What you can do to help abused and neglected kids in MT

This month, National Child Abuse Prevention Month, is almost over. The Missoulian’s been featuring a series on the topic for the past several weeks, and today we published our own entry. Hopefully, it’s at least as helpful as some of the other columns written by the experts on child abuse prevention in western Montana.

The editorial is aimed at encouraging people to at least get started thinking about the hurt children in our community and how to help them. To consider becoming a foster family or a court-appointed special advocate, or perhaps lending some volunteer time, extra household supplies or monetary donations to one of the several organizations that provide support to families at risk.

The long-term aim is to stop the cycle of abuse and give children the best possible start in life. The immediate result is making a real difference in the life of a kid, right here in Montana, who needs to know that he’s not alone.

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Missoula’s Birth Center among organizations recognized for shaken baby prevention

The Period of PURPLE Crying program is an evidence-based prevention program focused on the fact that babies cry. This month – National Child Abuse Prevention Month – it’s being recognized as an important part of preventing the physical abuse of infants.

Specifically, the National Center on Shaken Baby Syndrome recognized our humble state “for its efforts to prevent shaken baby syndrome/abusive head trauma.” The official recognition came earlier this week at the statewide Prevent Child Abuse and Neglect Conference, which was held in Missoula this year.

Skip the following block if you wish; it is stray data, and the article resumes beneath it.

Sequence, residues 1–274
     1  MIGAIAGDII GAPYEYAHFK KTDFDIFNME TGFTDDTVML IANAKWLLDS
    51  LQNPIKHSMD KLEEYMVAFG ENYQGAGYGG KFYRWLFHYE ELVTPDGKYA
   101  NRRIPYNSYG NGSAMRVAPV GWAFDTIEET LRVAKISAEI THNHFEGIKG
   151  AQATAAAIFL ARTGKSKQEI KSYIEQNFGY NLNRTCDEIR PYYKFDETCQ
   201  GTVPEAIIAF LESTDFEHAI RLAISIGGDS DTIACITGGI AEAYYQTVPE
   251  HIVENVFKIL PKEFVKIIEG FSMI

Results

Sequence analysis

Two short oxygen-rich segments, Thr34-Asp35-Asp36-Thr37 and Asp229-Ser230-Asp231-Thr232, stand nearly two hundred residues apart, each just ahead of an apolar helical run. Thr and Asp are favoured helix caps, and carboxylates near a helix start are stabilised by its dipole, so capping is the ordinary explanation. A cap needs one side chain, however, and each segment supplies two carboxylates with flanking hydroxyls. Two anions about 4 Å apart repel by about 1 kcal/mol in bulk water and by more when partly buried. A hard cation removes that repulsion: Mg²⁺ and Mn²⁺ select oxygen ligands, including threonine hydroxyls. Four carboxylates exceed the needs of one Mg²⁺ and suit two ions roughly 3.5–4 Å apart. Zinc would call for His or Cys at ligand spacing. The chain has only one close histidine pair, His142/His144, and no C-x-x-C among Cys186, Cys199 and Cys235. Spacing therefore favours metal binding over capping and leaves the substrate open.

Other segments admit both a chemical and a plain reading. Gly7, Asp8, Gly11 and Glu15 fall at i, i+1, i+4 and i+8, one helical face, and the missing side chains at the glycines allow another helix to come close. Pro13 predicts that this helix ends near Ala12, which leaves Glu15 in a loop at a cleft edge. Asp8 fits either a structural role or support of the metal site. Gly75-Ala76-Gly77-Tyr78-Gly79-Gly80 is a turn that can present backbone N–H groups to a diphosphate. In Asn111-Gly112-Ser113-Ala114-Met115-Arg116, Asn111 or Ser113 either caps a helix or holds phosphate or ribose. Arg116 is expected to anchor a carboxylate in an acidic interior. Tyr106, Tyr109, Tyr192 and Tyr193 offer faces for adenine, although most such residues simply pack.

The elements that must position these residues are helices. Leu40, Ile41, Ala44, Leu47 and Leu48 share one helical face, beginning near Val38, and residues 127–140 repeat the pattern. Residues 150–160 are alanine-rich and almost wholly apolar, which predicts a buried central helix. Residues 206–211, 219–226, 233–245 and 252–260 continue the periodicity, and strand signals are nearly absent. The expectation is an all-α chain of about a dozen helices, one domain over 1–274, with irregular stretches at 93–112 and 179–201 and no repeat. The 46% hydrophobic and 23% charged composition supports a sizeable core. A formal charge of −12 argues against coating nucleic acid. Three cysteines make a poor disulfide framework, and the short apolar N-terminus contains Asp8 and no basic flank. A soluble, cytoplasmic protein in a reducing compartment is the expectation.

There, NCSBS lauded the efforts of Montana groups to educate key people – hospital staff, agencies and parents – about normal infant crying patterns. The Birth Center in Missoula is one of 20 groups in Montana that use the PURPLE program.

Healthy Mother Healthy Babies-Montana is another, and in a news release that went out earlier this week, executive director Synness had this to say:

“To date, PURPLE MT has partnered with 20 out of 29 birthing hospitals and clinics across Montana to deliver the Period of PURPLE Crying program to over 7,100 new parents. We believe that the education and materials provided through the Period of PURPLE Crying program will make a profound difference in the lives of Montana families and will provide parents and families with the information, support and the tools they need to provide the healthiest and safest start for their baby.”